Iran Supreme Court upholds death penalty for Swedish-Belgian professor 

Iran Supreme Court upholds death penalty for Swedish-Belgian professor 


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Iran’s Supreme Court on February 4 upheld a ruling handing the death penalty to  Swedish-Belgian professor Ahmedreza Djalali, an Iranian-born, Swedish-Belgian professor from the Free Universtiy of Brussels (VUB), Djalali’s lawyer Zouhaier Chichaoui confirmed.

Chichaoui said the sentence came after the court delayed its ruling while hearing Djalali’s ultimately unsuccessful appeal.

“This time the sentence is fina and he can be executed at any time,” said Chichaoui, who denounced the trial as unfair and corrupt

Iranian authorities detained Djalali, a scientist at the Research Center in Emergency and Disaster Medicine (CRIMEDIN) run by the University of Eastern Piedmont in Novara, Italy, and VUB during a visit in April. Tehran charged Djalali with espionage and ‘enmity with God’ — a crime which in Iran can result in the death penalty. He was later convicted.

On December 25, Tehran prosecutor Abbas Jafari Dolatabadi said the Supreme Court handed gave Djalali the death sentence for allegedly working as an Israeli agent, according to Mizan, the official news site of Iran’s judiciary,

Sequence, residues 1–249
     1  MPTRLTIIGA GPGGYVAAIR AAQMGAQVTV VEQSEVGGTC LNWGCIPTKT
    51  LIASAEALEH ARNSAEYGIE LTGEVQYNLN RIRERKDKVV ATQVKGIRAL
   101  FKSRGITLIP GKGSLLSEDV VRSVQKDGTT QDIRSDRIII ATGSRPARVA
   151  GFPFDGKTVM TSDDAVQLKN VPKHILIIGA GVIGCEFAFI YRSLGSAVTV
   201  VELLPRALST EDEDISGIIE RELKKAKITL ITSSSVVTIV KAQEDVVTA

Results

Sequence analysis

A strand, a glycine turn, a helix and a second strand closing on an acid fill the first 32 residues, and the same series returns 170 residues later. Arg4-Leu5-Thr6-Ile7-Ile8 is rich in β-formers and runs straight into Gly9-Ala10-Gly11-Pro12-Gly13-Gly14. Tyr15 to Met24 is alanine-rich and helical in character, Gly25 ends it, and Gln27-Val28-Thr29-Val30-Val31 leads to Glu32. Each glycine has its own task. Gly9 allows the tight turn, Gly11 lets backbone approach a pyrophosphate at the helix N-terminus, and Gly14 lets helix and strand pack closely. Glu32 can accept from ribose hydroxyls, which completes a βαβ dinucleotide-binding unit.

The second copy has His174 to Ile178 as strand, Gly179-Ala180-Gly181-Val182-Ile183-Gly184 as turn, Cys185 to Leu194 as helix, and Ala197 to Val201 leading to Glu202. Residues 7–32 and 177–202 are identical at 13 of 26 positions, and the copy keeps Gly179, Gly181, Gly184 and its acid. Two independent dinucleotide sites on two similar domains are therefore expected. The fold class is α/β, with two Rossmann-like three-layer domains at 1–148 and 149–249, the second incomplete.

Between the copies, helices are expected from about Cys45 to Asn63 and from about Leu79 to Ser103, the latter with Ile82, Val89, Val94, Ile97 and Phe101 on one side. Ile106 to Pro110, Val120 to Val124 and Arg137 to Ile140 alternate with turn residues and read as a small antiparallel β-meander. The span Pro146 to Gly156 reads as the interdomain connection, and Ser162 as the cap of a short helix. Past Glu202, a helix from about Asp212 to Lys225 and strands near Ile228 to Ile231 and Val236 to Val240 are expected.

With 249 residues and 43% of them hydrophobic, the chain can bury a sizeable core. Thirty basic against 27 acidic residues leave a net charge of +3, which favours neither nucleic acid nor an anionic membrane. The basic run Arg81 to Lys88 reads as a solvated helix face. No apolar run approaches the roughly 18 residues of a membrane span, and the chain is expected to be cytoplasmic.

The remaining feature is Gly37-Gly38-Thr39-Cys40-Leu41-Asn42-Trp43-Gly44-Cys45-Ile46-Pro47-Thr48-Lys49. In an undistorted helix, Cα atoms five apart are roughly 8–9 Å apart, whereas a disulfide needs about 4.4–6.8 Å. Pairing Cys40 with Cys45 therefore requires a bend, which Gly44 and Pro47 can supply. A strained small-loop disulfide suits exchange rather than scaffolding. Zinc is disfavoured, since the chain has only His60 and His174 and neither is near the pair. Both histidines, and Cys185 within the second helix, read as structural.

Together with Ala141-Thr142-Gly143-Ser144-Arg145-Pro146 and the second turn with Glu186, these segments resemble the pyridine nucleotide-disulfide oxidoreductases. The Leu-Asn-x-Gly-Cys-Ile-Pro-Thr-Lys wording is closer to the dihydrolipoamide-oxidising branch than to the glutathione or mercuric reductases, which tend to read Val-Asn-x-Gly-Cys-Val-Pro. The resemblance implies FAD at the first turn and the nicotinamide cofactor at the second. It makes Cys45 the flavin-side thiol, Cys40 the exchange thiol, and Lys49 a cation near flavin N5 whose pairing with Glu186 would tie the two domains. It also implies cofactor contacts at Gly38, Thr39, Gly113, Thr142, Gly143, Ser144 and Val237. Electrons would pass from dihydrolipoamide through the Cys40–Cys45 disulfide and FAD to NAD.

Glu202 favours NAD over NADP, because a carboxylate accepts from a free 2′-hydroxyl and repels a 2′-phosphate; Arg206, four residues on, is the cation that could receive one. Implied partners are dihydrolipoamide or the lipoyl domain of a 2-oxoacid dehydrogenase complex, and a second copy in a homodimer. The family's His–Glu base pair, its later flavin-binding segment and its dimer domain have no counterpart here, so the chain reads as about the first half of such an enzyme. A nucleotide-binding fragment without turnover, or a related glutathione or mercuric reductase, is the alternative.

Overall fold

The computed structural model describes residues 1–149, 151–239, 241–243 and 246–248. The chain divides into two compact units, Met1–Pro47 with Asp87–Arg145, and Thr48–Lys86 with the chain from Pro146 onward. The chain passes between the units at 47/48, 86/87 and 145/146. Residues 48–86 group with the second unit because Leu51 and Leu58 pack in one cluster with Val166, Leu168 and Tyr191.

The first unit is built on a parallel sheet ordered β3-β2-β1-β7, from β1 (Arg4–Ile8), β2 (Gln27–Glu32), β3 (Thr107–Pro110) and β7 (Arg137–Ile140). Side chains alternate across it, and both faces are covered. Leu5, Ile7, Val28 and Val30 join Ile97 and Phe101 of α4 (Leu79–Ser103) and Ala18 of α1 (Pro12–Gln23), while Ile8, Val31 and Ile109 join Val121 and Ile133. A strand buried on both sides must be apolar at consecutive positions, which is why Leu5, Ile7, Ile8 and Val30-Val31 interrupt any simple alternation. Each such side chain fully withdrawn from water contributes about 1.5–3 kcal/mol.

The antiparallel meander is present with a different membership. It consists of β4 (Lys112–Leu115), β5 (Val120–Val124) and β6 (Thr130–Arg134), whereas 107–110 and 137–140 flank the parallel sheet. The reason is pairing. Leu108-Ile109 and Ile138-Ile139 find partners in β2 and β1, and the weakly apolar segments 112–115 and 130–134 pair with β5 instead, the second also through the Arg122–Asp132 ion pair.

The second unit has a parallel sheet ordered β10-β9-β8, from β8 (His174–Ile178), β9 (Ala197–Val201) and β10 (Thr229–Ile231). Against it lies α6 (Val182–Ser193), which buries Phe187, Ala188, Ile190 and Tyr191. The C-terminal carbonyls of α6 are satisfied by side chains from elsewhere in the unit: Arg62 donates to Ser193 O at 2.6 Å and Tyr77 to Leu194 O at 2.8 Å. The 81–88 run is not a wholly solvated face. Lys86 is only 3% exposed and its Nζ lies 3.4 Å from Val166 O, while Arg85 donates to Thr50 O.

Mizan reported that Dolatabadi said Djalali confessed to meeting with agents from the Mossad – Israeli intelligence – on several occasions to deliver information on Iran’s nuclear programme and military plans, The court also accused Djalali of passing on a crippling computer virus to the Defence Ministry’s computer systems, Mizan reported.

In a broadcast on state-controlled television on December 17, Djalali admitted to supplying information to a foreign intelligence service about Iranian nuclear scientists who were later assassinated.

In an audio recording, however, Djalali later said he made the confession under psychological pressure. International rights groups have condemned Djalali’s arrest, saying it follows a pattern by Iran’s Revolutionary Guard Corps, who usually detain dual nationals and expatriates without due process.

An appeal should have been filed within three weeks of his arrest, but it appears that a request was never given to the Supreme Court.

Since Djalali’s conviction, 268,000 people have signed petitions on his behalf. Despite pressure by the scientific and diplomatic communities in Belgium, Sweden and Italy, as well as the head of European diplomacy Federica Mogherini, the Islamic Republic of Iran continues to violate Djalali’s basic individual rights, the university underlines.

Seventy-five Nobel Prize laureates petitioned Iranian authorities last month pleading for Djalali’s release to allow him to return to his scientific work.

According to Nature magazine, he works on improving the emergency response units in hospitals that deal with radiological, chemical, and biological threats.

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